Technology as a gateway to a philosophy of the learning sciences
- Technology has always played an important role in the facilitation and research of learning. In the last decade, we have seen digital, data-intensive, and adaptive technologies take center stage and proliferate rapidly. What is different about these technologies is that they enable facilitating learning for more and more diverse students than ever before and researching learning for more and more diverse scholars than ever before. This dissertation focuses on a subset of these technologies, described through six features as educational data infrastructures, which: (1) collect digital data and (2) adapt the learning experience (3) on a large scale (4) in higher education environments (5) to serve as infrastructural building blocks (6) for enabling, among other goals, research into learning. By analyzing the assumptions with which these technologies constrain and enable learning and research, we can use these technologies as a lens with which to investigate the assumptions about learning that inform the current and future state of the learning sciences. This work showcases findings from three distinct analyses to pursue this goal. The first is a first-ever epistemological analysis of the technologies and complementary scholarship from the first four years of the Learning At Scale conference to reveal that the scholarship concentrates on a narrow slice of available learning theory. I call this concentration within the range of available epistemological options the epistemological diversity gap. The second is an analysis of 11 interviews with builders of educational data infrastructures to reveal that the epistemological diversity gap is further corroborated, not random, and not something the builders set out to realize from the outset. The builders report a desire to build a productive science, navigate ethics responsibly, and achieve real human impact. They describe the building process as a constraint optimization exercise to find the path of least resistance given the epistemological foundations and code-friendliness of the available theories, the data-collection limitations of today's technologies, and the priorities of today's higher education institutions. The third is a historical account of the development of the learning sciences from an epistemological lens that highlights the main theoretical trends, dead ends, and research case studies that work across multiple epistemologies. The combined findings reveal that productively coordinating multiple epistemologies can contribute practically as well as philosophically to the learning sciences, creating an exciting scientific opportunity. Multi-epistemological coordination brings multiple areas for promising scientific contributions. A multi-epistemological focus can expand the scope of theories and models employed in existing educational data infrastructures, which in turn can expand the scope of epistemology in downstream research. This focus can also increase the probability of research and collaborations that explore new knowledge and also new insights into the epistemologies learning researchers leverage. To aid in this endeavor, the dissertation argues for establishing a field of philosophy of science of learning that helps with formalizing the methodologies, catalyzing new projects, and leveraging philosophical literature. Ultimately, the goal of the dissertation is to promote ways to utilize educational data infrastructures to advance the learning sciences via practical as well as philosophical contributions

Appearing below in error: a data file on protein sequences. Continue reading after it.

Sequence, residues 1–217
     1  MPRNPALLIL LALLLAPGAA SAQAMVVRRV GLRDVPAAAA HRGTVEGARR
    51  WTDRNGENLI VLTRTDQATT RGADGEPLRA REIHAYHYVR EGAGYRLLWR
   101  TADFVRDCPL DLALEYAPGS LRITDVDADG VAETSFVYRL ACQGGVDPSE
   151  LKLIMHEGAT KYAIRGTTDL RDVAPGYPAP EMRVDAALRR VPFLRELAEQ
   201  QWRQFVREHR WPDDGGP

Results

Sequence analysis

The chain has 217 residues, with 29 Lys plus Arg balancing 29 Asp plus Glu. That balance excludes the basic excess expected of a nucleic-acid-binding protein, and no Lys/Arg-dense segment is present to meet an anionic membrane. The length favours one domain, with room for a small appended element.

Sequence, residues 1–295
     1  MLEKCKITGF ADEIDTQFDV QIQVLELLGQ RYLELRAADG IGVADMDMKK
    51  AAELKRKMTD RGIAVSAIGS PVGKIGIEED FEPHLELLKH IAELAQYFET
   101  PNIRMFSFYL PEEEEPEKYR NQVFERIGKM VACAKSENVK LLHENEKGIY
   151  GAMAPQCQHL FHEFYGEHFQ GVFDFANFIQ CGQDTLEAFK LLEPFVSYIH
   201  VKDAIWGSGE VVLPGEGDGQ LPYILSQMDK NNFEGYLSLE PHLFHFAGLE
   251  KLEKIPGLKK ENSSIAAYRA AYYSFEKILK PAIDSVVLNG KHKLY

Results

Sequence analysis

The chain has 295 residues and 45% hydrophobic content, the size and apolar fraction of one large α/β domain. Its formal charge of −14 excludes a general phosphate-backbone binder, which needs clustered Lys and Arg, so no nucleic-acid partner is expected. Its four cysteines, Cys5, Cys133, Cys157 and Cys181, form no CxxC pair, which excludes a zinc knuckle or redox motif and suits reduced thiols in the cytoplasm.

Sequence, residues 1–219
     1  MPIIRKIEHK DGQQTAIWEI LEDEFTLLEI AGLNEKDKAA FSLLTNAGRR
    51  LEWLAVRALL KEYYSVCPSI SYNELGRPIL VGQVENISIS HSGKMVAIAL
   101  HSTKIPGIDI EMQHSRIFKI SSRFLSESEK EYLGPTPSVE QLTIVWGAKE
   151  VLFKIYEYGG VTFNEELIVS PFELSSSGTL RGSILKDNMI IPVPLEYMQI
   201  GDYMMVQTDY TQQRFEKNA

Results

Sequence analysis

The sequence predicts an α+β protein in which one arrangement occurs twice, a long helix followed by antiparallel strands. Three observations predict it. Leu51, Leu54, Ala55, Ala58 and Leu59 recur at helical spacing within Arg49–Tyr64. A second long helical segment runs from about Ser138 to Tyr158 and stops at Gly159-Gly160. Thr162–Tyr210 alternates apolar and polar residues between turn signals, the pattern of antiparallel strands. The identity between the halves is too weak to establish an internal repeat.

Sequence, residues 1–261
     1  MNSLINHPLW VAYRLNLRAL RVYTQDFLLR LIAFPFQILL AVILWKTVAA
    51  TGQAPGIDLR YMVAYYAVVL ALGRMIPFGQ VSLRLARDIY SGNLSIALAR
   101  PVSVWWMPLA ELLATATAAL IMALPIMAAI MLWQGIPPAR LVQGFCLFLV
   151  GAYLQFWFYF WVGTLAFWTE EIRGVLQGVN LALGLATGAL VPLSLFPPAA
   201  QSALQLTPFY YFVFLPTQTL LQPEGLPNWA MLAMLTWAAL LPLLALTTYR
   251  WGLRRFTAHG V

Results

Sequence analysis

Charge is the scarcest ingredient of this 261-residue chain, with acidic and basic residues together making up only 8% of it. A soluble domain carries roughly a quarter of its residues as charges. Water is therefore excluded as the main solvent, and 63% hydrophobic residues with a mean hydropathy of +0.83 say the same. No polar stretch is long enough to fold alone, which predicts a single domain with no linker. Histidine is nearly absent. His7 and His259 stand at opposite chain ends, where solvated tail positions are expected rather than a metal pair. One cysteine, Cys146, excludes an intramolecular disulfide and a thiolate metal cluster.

|Type of resource
|electronic resource; remote; computer; online resource
|1 online resource
|Schwartz, Daniel L
|Schwartz, Daniel L
|Mitchell, John C
|Degree committee member
|Mitchell, John C
|Stanford University, Graduate School of Education.
|Statement of responsibility
|Submitted to the Graduate School of Education
|Thesis Ph.D. Stanford University 2020
- © 2020 by Petr Johanes
- This work is licensed under a Creative Commons Attribution Non Commercial 3.0 Unported license (CC BY-NC).
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